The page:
MinnesotaCare is a health care program for Minnesotans with low incomes. It is less expensive than private insurance because it’s partially subsidized by the government.
House Majority Leader Jamie Long (DFL-Mpls) says the program enjoys great public support because it delivers “simple, comprehensive, trusted coverage.”
And he’d like more Minnesotans eligible to receive it.
To that end, he sponsors a bill that would establish the MinnesotaCare “public option.”
It would let people with incomes greater than the MinnesotaCare income limit (200% of the federal poverty guidelines) enroll provided they meet all other eligibility criteria.
“In Minnesota, we believe that everyone deserves access to health care,” he said.
HF96 would expand subsidized MinnesotaCare coverage to Minnesotans struggling to afford high deductibles and small-business owners wanting to contribute to their employees’ coverage, Long said.
The House Commerce Finance and Policy Committee approved the bill Wednesday on a split-voice vote and sent it to the House Health Finance and Policy Committee.
Health care access and affordability has been a long-standing issue with small businesses, Long said, and this bill would help them in two ways.
It would establish a tax credit — equal to 50% of the employer’s qualified employee health care expenses — for the individual income and corporate franchise taxes for qualified employers. And the Department of Human Services would develop a small-employer public option to allow employees of businesses with fewer than 50 employees to receive employer contributions toward MinnesotaCare.
Additionally, undocumented noncitizens would be eligible for MinnesotaCare.
Testifiers for and against
Jennifer Schultz said the proposed expansions would reduce “job lock,” that she defined as people being reluctant to leave a job that provides health care benefits, thereby stymying entrepreneurial businesses ventures.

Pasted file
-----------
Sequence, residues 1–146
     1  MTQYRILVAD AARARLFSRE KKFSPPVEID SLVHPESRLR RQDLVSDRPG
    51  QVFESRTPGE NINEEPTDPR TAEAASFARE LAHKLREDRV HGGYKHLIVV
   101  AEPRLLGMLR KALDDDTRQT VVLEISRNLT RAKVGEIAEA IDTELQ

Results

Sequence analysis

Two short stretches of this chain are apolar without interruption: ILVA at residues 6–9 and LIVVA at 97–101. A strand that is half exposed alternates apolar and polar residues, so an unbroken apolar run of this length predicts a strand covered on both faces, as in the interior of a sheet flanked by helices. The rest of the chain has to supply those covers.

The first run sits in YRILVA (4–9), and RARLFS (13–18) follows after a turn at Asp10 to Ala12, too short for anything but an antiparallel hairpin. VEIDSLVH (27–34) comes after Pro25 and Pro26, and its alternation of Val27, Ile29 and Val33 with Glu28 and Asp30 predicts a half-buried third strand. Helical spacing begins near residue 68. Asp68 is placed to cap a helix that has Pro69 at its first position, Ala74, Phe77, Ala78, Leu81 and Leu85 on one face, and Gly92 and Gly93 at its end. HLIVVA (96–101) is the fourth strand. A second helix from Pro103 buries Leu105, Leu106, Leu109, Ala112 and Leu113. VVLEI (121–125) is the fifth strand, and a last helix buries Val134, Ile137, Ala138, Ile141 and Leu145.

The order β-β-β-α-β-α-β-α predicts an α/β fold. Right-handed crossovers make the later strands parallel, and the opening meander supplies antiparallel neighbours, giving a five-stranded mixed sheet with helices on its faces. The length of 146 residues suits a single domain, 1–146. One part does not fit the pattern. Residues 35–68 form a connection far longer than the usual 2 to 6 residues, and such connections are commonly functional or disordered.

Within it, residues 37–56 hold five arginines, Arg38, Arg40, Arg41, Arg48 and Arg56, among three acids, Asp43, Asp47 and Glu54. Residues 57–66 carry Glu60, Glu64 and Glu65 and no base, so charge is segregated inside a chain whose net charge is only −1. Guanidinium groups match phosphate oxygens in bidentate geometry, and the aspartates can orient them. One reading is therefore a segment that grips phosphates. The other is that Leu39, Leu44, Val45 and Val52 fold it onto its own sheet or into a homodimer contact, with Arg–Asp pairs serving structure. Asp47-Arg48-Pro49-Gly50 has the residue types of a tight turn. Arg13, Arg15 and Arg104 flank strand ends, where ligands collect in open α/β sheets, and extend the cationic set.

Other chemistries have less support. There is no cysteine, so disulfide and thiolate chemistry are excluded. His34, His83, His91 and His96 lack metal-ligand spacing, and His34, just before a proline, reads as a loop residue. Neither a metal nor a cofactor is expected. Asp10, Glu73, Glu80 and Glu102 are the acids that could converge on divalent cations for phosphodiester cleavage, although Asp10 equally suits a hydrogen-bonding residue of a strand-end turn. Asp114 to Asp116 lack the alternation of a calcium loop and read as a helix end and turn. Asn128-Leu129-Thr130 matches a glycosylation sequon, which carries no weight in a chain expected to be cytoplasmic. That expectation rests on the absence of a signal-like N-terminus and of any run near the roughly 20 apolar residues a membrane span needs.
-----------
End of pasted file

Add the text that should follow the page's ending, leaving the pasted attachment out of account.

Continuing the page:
Schultz, a former representative who sponsored similar legislation in 2022, also said the bill could help address the state’s workforce shortage by attracting workers to the state knowing they would have affordable health care options.
Farmers also feel the pressure of “job lock” – but in a slightly different way, said Anne Schwagerl, vice president of the Minnesota Farmers Union.
Schwagerl, who farms with her husband in Big Stone County, knows many farmers considering giving up the career or taking a second job just to get health insurance benefits. Or they go without coverage, which could be devastating.
Family farmers disproportionally purchase health insurance on the private market, she said, meaning they are hit hard by high premiums and lack of choice between health plans in rural areas.
“We believe strongly that this proposal is a meaningful step forward to a future where no Minnesotan has to choose between farming, starting a small business, or getting the health care that they need,” she said.
The long-term effect of expanding MinnesotaCare to include a public option will lead to instability in the insurance market and drive up private health care premiums, said Bentley Graves, director of health care and transportation policy at the Minnesota Chamber of Commerce.
He said government-subsidized health care programs, such as Medicare, Medicaid, and MinnesotaCare, pay hospitals and doctors much less than commercial health insurance plans do for the medical services and procedures they provide.
In effect, Graves said, those higher payments from commercial payers subsidize government plans meaning if more people are in government programs, already high private health care premiums will become even higher.
That concern was echoed by Rep. Tim O'Driscoll (R-Sartell), who said rural hospitals already operate on very narrow margins and would struggle even more with the reimbursement disparity between private and public health care plans.
“Rural hospitals are barely hanging on right now,” O’Driscoll said, noting that if this legislation causes rural hospitals to close their doors, many Minnesotans would have no health care at all.